For tracking purposes, the optimal camera view is a perpendicular top view. This is often not possible to obtain, e.g. at outdoor sports fields or in temporary indoor installations, so occlusions between people are a major challenge. Moreover, video captured from a long distance, with people wearing similar team uniforms, result in nearly identical appearances. This lack of distinct appearance information makes re-identification after full occlusions impossible. Thus, we must rely on motion information, even though some activities, especially in sports, often include fast and erratic motion. To overcome some of these challenges, we suggest utilising the fact that most team sports activities take place within a certain area, often with a constant number of people present over longer time periods.
The main contribution of this paper is a method for improving tracking precision of sports activities and similar activities with multiple people within a given area by integrating an automatic and robust counting algorithm. The estimated numbers act as constraints—guiding the tracking algorithm in these very challenging situations. We test the method on two challenging sports datasets with people of similar appearance, as well as a more general tracking scenario with pedestrians in a courtyard environment.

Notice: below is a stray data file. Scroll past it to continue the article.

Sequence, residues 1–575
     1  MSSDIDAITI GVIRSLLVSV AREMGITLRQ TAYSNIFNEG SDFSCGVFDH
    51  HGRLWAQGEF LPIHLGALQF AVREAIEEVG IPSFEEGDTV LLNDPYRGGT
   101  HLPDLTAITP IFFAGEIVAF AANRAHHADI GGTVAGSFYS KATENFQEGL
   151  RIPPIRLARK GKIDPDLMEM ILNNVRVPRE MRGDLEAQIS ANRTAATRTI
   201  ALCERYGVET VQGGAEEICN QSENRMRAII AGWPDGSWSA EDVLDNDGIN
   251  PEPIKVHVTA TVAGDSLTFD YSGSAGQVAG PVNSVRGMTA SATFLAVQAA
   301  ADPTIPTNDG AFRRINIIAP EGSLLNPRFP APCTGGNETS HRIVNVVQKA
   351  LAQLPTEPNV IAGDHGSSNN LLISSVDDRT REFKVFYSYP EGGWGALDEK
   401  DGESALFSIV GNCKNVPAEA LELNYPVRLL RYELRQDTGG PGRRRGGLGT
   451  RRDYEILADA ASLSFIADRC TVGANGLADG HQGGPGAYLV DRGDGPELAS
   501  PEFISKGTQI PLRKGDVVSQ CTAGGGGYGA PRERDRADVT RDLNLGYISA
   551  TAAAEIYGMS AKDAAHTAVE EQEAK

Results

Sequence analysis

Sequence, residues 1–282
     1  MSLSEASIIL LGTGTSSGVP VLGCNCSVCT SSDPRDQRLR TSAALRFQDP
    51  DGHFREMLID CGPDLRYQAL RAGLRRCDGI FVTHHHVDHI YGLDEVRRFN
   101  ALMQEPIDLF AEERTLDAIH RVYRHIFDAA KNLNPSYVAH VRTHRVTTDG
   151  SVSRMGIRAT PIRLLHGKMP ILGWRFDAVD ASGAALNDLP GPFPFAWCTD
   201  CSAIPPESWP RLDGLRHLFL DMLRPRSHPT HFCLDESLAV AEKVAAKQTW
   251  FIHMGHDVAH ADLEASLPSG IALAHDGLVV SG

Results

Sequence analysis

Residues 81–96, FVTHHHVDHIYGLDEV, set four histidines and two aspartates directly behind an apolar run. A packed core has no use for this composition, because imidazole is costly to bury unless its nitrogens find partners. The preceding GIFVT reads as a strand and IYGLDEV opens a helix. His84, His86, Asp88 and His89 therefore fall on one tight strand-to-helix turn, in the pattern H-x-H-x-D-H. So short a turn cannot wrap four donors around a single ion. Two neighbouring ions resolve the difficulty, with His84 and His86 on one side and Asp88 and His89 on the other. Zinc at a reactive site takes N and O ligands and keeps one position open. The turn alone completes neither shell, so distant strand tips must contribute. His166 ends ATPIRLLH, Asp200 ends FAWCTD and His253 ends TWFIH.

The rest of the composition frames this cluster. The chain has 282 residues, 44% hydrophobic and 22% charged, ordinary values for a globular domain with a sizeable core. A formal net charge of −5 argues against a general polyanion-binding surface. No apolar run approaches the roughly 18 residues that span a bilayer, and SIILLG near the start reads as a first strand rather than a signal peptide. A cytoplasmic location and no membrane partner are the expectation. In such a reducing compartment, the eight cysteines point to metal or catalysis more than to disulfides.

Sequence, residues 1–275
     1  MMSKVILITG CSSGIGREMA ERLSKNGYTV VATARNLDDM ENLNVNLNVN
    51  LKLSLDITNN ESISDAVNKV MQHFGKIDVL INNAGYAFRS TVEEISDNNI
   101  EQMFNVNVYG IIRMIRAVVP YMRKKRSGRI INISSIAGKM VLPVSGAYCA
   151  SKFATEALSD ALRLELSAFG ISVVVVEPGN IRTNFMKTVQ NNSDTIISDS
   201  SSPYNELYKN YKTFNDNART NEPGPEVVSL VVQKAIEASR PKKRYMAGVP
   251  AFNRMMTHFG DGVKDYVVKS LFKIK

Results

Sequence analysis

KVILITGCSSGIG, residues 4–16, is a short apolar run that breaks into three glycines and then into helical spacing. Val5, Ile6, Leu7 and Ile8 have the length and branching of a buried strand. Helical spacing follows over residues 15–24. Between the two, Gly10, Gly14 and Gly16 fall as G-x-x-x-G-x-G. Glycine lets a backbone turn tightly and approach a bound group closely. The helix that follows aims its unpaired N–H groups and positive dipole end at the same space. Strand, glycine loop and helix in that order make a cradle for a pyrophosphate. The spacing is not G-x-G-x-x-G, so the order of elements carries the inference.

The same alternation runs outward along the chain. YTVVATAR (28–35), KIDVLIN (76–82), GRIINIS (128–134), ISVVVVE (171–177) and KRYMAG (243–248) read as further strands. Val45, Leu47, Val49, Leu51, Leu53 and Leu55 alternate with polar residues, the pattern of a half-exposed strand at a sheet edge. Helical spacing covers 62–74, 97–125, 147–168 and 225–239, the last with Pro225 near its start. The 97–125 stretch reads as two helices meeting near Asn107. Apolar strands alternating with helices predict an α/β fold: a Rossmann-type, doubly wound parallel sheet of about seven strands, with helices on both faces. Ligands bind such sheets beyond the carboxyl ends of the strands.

The remaining part of this paper consists of the following sections: in Section 2, we discuss related work and then provide an overview of our proposed method in Section 3. Section 4 describes the counting algorithm, and Section 5 describes the tracking algorithm. Section 6 then combines those two methods in a constrained tracking approach. In the second-to-last section of the paper (7), the system is evaluated through tests and comparisons, and Section 8 concludes the paper.
2 Related work
Multi-target tracking is a popular area of research with fast progression and a large number of papers published each year [2]. Recent algorithms in this area can generally be divided into two main groups: online and offline approaches. Online methods are recursive, relying only on past observations, while offline approaches process a batch of frames in each iteration. Online methods include the classic Bayesian filters, such as Kalman filters [3] and Particle filters [4]. These are often applied in real-time applications, where processing time is crucial, and only past observations are available. However, in other applications, such as analysis of motion and behaviour, a time delay can be accepted in order to reach a higher precision. Batch processing approaches exploit more information and the possibility of running several iterations back and forth in time might help avoiding tracker drift.